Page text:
Tuesday, October 11, 2005

More? I'd had quite enough, thanks

Four reasons not to write Oliver Twist off entirely:

1. Edward Hardwicke (above), plain wonderful as Mr Brownlow.
2. Pure's Harry Eden, natural and vivid as the Artful Dodger.
3. A terrifically funny scene with Alun Armstrong as a truculent magistrate.
4. A good, ghoulishly Polanskian moment when Bill Sykes tries to drown his dog.

Ten reasons why Oliver Twist still, all things considered, deserves a C–:

1. Why?
2. Polanski gets a better performance out of that dog than most of his child actors.
3. Has he forgotten how to cut? Virtually every scene goes on too long or ends too abruptly.
4. Why?
5. Kingsley's Fagin, a fastidiously assembled but resolutely unaffecting creation, is allowed to degenerate into an embarrassing string of "oy"s when the plot runs out of use for him.
6. Nancy, perfectly well played by Leanne Rowe, martyrs herself for some bland urchin she's barely shared a scene with.
7. Why?
8. Ronald Harwood's stuffily pedestrian screenplay never answers questions 1, 4 or 7.
9. Note to d.p. Pawel Edelman: there's powerfully bleak (see your own work on The Pianist) and then there's just mucky and dreary, like this. Not that the production design gave you much to work with.
10. I like "Food, Glorious Food", OK?

Monday, October 10, 2005

"I usually get most roles..."

Ok, everyone must click through post-haste to Webloge and the link to the deluded actress thing. It's quite extraordinary.

Wednesday, October 05, 2005

Something I didn't see in a cinema

Since this blog has up to now been wholly movies, I feel it's high time to prove that there's more to my cultural life, dammit, and to say that James Thiérrée's La Veillée des Abysses, caught tonight at the Peacock Theatre, is one of the most bewitchingly pleasurable pieces of live theatre I've ever seen. It reduced me to childlike awe and giggles, and my hands hurt from clapping so much. Wow. What a show. Thanks Maxie!

(Plus, they use Michael Nyman's music from Gattaca, which helps.)

PS to that

Maybe I'm overlooking Memoirs of a Geisha (OscarWatch has it heavily tipped). But, I don't know, all the frippery in the trailer screamed "busted Oscar contender" to me, and Rob Chicago Marshall would have been few people's first choice to direct it. Zhang Ziyi, I'm told, is a shoo-in Best Actress nominee. Fair enough. Gong Li, I hear, has a good shot at supporting. And I wouldn't want to bet against Colleen Atwood's costumes, Dion Beebe's cinematography, and John Williams's music being nominated either. But the overall movie? Kind of depends whether the early parts of it serve up too much destitution chic. We'll have to wait and see, but on a hunch I'm keeping it off my list for the time being.

Memo to self: this is not going to turn into an Oscar blog. (Self: Yeah, right...)

Sunday, October 02, 2005

Insanely Early Oscar Predictions

Obviously a ludicrous exercise, since there are so many major contenders left to actually see, and I really should get a life, frankly, but this is how I think the major categories are shaping up at the moment. I've placed the nominees in order of likelihood to win, as far as I see it (ie Brokeback Mountain current favourite for Best Pic, then Munich, etc). I've put additional contenders in each category in smaller print.

Best Picture

Brokeback Mountain
All the King's Men
The Constant Gardener
The Producers
A History of Violence

Best Director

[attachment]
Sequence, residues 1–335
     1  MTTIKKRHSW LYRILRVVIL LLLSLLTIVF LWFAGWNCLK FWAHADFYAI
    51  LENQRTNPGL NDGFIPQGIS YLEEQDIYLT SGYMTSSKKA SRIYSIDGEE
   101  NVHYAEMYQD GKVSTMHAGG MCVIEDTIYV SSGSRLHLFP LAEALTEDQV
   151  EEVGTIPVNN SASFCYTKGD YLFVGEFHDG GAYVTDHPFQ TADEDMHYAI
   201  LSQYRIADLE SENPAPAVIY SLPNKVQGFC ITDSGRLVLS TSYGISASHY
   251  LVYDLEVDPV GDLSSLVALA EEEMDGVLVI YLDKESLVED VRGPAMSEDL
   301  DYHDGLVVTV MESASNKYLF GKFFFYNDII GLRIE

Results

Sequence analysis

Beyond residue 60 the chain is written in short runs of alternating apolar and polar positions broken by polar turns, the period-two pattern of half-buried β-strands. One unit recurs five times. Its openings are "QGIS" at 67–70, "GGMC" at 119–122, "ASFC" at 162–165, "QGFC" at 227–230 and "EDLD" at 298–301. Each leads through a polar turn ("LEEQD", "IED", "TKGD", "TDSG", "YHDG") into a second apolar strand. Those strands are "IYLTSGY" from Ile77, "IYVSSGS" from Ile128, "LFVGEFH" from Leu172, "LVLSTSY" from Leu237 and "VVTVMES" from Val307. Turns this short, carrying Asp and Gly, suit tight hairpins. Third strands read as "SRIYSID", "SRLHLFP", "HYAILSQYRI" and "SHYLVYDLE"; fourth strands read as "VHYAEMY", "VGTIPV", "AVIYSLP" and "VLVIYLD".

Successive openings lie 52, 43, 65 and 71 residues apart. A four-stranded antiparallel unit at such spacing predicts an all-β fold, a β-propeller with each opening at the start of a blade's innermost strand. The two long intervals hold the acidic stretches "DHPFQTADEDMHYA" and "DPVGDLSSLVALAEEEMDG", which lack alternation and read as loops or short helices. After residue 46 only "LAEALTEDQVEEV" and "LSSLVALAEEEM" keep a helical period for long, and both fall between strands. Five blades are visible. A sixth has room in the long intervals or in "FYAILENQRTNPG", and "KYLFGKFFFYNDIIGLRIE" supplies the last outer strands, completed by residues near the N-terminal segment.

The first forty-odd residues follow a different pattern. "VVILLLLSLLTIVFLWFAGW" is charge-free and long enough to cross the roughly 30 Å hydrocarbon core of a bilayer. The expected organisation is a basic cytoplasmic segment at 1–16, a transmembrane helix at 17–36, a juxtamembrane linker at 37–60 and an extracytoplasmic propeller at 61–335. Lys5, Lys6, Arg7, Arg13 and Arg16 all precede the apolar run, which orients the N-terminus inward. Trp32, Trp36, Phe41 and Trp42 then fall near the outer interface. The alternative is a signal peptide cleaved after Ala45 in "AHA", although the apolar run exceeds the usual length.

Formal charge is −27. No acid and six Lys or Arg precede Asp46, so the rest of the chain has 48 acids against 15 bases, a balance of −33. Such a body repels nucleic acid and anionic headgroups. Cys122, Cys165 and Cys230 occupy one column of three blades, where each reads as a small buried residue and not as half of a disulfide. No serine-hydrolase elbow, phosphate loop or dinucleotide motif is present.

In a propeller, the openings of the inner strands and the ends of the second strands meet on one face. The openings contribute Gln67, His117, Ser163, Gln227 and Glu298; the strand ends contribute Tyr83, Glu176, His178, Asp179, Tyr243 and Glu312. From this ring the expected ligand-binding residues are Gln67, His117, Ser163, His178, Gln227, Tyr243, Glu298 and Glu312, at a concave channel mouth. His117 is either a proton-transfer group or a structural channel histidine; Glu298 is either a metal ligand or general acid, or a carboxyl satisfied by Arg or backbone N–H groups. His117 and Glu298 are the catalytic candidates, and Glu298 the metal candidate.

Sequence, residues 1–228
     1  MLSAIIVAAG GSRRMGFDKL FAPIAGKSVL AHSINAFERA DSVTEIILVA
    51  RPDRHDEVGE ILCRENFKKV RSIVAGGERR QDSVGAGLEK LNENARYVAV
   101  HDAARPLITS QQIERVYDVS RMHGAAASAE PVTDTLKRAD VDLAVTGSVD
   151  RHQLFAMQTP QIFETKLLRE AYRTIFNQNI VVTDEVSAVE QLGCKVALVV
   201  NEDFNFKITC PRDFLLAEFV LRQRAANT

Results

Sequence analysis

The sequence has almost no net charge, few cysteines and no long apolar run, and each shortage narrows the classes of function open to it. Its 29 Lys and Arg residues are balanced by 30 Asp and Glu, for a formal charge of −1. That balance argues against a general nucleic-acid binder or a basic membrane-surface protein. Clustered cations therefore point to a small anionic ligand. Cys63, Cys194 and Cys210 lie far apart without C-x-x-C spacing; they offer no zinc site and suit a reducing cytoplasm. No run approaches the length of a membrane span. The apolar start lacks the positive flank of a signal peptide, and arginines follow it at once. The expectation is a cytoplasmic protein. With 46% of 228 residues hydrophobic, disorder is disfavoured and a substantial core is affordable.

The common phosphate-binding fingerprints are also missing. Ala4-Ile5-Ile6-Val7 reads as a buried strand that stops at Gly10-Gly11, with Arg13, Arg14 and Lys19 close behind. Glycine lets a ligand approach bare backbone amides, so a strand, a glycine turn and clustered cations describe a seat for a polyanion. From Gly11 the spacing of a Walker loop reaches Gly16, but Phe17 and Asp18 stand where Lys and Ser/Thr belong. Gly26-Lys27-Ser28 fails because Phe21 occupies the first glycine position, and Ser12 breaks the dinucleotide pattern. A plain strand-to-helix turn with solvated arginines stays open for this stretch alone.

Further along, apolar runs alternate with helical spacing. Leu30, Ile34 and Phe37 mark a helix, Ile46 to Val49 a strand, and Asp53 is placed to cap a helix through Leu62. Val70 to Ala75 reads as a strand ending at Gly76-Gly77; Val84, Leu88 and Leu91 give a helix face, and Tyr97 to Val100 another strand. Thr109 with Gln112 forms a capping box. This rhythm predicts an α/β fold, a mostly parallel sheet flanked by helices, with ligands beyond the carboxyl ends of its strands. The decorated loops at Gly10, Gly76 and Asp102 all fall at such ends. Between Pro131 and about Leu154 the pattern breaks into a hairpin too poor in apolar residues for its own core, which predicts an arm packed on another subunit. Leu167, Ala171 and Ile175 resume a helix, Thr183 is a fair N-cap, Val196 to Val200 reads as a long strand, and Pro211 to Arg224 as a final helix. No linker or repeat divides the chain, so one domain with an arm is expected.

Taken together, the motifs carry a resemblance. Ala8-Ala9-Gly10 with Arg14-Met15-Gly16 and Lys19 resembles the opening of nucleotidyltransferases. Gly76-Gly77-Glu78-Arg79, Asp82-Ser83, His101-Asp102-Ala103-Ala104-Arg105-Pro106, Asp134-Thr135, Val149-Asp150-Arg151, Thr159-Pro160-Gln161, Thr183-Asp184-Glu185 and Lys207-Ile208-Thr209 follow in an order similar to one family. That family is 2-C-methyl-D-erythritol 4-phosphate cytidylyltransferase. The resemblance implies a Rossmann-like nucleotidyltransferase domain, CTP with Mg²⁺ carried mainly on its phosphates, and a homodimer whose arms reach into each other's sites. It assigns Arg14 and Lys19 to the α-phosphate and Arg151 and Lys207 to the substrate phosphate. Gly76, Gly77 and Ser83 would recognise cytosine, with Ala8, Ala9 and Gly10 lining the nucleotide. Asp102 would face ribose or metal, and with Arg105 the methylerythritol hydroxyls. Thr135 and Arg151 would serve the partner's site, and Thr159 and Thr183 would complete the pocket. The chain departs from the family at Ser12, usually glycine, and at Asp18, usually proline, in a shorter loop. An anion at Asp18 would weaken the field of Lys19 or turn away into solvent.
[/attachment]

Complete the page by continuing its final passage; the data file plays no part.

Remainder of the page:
Ang Lee (Brokeback Mountain)
Steven Spielberg (Munich)
David Cronenberg (A History of Violence)
Fernando Meirelles (The Constant Gardener)
Terrence Malick (The New World)
Susan Stroman (The Producers)
Sam Mendes (Jarhead)
Steven Zaillian (All the King's Men)

Best Actor (I do think Hoffman's got it, but looks like one hell of a strong field)

Philip Seymour Hoffman (Capote)
David Strathairn (Good Night, and Good Luck)
Heath Ledger (Brokeback Mountain)
Sean Penn (All the King's Men)
Nathan Lane (The Producers)
Viggo Mortensen (A History of Violence)
Ralph Fiennes (The Constant Gardener)
Joaquin Phoenix (Walk the Line)
Tommy Lee Jones (The Three Burials of Melquiades Estrada) (you dark horse you)

Best Actress (no real frontrunner yet, and weak-looking year: plus, Collette and/or Weisz might be relegated to supporting instead, weakening it even further)

Reese Witherspoon (Walk the Line) (aargh)
Charlize Theron (North Country)
Toni Collette (In Her Shoes)
Cameron Diaz (In Her Shoes)
Rachel Weisz (The Constant Gardener)
Maria Bello (A History of Violence)
Keira Knightley (Pride and Prejudice) (yes, really)
Judi Dench (Mrs Henderson Presents)
Zhang Ziyi (Memoirs of a Geisha)
Joan Allen (The Upside of Anger)
Felicity Huffman (Transamerica)
ie... fuck knows

Best Supporting Actor (fairly amorphous at present, though I'm pretty sure Broderick and Giamatti will be locks, and I'm nominating all the King's Men roles that got noms for the 1949 version, so hello Jude)

Matthew Broderick (The Producers)
Paul Giamatti (Cinderella Man)
Jude Law (All the King's Men)
Ed Harris (A History of Violence)
Frank Langella (Good Night, and Good Luck) (it's the Alan Alda slot...)
Clifton Collins, Jr (Capote)
Peter Sarsgaard (Jarhead) (third time lucky, maybe, and I really hope he redeems himself for Flightplan)
Will Ferrell (The Producers) (only throwing this in cos "Academy Award nominee Will Ferrell" will just sound too funny. On the evidence of Winter Passing he can actually hold a tune, too.)

Best Supporting Actress (shaping up to be a damn good list...)

Amy Adams (Junebug)
Patricia Clarkson (All the King's Men)
Catherine Keener (Capote)
Shirley MacLaine (In Her Shoes)
Michelle Williams (Brokeback Mountain)
Frances McDormand (North Country)
Sandra Bullock (Crash) (please not Thandie Newton)

So I'm thinking: not much for Crash or Cinderella Man, no Bill Murray, no Jake Gyllenhaal, nothing for Proof at all. Munich, Jarhead and All The King's Men are the big unknown quantities. Watch this space...